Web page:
Savannah, Georgia, January 1985. Slate sky, a blustery wind, cold rain not out of the question as several hundred runners huddled at the starting line. My first marathon comprised two loops of flat and unforgiving runways at Hunter Airfield, adding up to a foot and mind-numbing 26.2 miles. I had no idea what I was starting that chilly morning: I went out too fast, too cocky, hit the proverbial wall at mile twenty, slowed to a jog, then a creep, and finally hobbled across the finish line. Still, I was a fit twenty-one-year-old; my average pace—about eight-minutes-fifteen-seconds per mile—was decent, bringing me in at three hours and thirty-six minutes.
My first novel took a lot longer. If I was unprepared for my first marathon, I was woefully ignorant about what it would take for me to finish a book. Ten years of stops and starts, periods of intense focus, followed by days, weeks, sometimes months without writing. Pages typed—amazing, heart-rending prose. The same pages tossed—self-indulgent dross. Rapid-cycling elation and despair, and, of course, persistent procrastination. I washed and folded thousands of loads of laundry and logged as many miles of running—lacing up my Nikes when writing got tough, justifying the time spent on the roads as creative composting.
When I had a complete draft of the novel, my happiness lasted less than a week. I read through the manuscript and realized I was a few miles short of the halfway mark. Had I hit the wall? Would I ever finish?
I know I’m stretching the running-writing analogy here, but only when I began to write with the same discipline and focus that I applied to running was I able to complete my first novel. Turns out that for both you need to: (1) show up, (2) get going, (3) push through uncomfortable spots, and (4) put in the hours.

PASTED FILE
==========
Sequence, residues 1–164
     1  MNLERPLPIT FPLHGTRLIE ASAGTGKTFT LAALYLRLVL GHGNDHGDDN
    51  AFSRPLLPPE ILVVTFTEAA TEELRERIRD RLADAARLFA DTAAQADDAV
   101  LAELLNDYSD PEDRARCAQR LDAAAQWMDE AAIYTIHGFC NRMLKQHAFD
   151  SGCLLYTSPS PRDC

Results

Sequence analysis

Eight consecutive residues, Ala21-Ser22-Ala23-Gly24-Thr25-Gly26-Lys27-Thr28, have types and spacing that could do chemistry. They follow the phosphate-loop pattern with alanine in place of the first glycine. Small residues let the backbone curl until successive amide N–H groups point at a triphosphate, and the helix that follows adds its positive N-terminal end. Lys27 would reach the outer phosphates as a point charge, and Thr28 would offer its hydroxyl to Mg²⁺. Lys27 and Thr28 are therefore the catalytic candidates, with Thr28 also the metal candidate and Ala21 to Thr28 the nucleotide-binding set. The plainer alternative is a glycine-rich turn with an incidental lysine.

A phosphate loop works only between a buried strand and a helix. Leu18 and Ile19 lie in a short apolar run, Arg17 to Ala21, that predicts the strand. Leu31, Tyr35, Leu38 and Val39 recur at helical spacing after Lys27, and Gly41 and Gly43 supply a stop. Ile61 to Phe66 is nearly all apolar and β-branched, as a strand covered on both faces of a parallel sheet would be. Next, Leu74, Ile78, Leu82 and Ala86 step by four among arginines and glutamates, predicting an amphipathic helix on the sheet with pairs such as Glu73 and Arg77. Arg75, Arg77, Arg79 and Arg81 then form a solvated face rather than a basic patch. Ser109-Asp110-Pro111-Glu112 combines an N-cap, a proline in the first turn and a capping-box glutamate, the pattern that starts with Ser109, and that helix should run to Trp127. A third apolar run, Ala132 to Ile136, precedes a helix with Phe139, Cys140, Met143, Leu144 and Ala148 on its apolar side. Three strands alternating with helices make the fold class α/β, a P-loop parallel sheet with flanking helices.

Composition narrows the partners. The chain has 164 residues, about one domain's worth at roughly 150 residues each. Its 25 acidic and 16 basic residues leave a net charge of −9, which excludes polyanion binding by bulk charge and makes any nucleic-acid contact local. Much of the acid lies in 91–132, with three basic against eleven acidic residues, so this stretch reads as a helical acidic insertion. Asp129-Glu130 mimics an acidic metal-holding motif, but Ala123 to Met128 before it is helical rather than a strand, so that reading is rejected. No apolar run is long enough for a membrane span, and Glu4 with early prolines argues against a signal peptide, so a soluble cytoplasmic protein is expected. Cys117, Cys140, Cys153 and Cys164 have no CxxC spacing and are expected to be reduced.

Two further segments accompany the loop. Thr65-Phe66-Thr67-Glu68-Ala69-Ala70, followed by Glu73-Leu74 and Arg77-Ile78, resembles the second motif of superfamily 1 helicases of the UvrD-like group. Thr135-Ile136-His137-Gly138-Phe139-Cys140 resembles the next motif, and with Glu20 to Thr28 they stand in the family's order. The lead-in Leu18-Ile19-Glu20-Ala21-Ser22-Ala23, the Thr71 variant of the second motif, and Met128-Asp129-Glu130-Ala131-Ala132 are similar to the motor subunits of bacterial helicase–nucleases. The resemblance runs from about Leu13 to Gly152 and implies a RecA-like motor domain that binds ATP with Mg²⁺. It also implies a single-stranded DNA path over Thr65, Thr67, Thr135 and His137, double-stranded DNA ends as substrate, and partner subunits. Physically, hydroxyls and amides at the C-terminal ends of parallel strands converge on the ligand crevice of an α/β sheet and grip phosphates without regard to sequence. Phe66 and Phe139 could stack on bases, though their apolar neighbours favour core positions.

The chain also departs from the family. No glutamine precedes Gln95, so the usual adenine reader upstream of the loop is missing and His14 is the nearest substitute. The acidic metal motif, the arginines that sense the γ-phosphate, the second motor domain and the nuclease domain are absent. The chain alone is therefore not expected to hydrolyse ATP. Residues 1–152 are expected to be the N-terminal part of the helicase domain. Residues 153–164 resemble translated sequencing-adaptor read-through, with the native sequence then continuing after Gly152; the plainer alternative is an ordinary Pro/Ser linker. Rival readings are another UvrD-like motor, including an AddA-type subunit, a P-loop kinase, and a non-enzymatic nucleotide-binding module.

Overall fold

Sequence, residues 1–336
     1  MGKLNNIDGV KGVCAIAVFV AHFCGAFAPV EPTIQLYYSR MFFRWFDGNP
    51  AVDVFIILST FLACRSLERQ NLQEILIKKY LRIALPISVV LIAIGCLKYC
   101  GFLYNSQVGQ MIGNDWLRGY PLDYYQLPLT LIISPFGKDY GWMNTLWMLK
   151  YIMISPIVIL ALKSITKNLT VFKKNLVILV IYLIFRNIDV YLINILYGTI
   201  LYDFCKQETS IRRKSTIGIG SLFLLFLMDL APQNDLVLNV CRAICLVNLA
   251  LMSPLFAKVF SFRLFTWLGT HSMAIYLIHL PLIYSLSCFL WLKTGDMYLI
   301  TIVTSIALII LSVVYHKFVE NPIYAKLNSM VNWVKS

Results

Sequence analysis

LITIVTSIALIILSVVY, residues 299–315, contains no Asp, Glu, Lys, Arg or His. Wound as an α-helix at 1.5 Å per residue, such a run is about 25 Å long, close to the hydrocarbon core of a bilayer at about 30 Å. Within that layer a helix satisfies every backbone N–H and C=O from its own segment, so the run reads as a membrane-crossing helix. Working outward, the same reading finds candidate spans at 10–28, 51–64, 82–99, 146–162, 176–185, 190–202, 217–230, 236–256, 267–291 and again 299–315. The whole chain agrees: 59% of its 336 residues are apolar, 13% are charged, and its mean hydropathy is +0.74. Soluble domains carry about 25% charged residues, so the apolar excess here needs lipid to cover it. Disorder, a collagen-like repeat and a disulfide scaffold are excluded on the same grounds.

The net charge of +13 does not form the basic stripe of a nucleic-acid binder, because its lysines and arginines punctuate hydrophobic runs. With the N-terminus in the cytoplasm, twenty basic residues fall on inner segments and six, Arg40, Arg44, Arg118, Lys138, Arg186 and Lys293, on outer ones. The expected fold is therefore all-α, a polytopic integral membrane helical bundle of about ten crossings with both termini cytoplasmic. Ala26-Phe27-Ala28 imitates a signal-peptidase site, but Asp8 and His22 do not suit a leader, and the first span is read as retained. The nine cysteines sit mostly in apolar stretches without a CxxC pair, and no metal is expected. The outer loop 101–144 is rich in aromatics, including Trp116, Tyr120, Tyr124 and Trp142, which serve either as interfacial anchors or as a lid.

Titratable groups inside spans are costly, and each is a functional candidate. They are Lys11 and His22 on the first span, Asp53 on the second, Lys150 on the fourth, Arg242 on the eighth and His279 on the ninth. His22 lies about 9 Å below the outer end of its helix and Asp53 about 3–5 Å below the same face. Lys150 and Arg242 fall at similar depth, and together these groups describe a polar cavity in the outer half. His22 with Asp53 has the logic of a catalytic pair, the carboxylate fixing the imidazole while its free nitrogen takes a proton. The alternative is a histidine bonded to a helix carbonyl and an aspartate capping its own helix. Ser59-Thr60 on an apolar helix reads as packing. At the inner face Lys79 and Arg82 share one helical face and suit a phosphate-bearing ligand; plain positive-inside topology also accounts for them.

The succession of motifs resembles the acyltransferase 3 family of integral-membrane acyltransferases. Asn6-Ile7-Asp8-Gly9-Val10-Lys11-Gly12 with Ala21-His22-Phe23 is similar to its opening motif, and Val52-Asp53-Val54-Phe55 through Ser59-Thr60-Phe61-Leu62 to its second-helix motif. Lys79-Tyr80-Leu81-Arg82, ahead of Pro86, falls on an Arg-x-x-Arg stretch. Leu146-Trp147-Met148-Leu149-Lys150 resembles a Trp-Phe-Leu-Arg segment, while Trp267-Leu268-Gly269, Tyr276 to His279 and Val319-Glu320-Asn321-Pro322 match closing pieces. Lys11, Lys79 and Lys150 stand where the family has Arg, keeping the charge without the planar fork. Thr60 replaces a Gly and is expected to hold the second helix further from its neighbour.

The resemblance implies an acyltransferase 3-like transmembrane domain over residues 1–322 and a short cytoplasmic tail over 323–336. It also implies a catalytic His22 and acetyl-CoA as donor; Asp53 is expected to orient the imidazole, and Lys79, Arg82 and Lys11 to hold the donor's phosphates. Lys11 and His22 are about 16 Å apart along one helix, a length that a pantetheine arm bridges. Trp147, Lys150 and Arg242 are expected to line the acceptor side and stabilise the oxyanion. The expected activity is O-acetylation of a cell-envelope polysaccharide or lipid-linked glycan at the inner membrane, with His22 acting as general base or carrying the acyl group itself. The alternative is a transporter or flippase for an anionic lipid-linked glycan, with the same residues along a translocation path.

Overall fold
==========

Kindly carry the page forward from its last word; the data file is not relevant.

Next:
My first novel was a slow marathoner—the lone straggler coming in after the volunteers at the aid stations had picked the paper cups and banana peels off the asphalt, emptied the mega trash cans and gone home. But you know what? After wanting to quit many times, I hobbled across the finish line. My book—”Degrees of Difficulty”—comes out on October 1, 2019.
I’ve run more marathons in my forties and fifties, never once coming close to the time I set in Savannah thirty-odd years ago. I have no illusions that I will regain my youthful speed. I doubt I could run one eight-minute mile these days, never mind twenty-six in a row. Maybe this is where the analogy fails: marathoning takes its toll on the joints; age slows you down. Writing, on the other hand, gets, well, not easier exactly, but more comfortable. Or the discomfort becomes more familiar, almost good company. Most writers say that you can’t rush; stories will come out in their own time. That’s true. But they won’t come at all if you don’t write. Years of steady training does pay off—pages written, pages tossed, edits completed, skills developed, a few essentials mastered.
What I learned from my first book about plot, character development, voice, narrative structure—weaving threads of the story in, cutting out flabby sections—all these lessons have stayed with me. My second novel took five years to complete. Less angst, less drama. It’s easier now for me to chop relentlessly, to recognize what is not working and to let it go. Writing every day leads to a steady accretion of skills and the comforts of any longterm habit; it may even lead to increased speed and efficiency—things we don’t usually get as we age. I’m never going to get close to completing a three-and-a-half-hour marathon again, but I may get a third book done in the next three years. (Julie E. Justicz)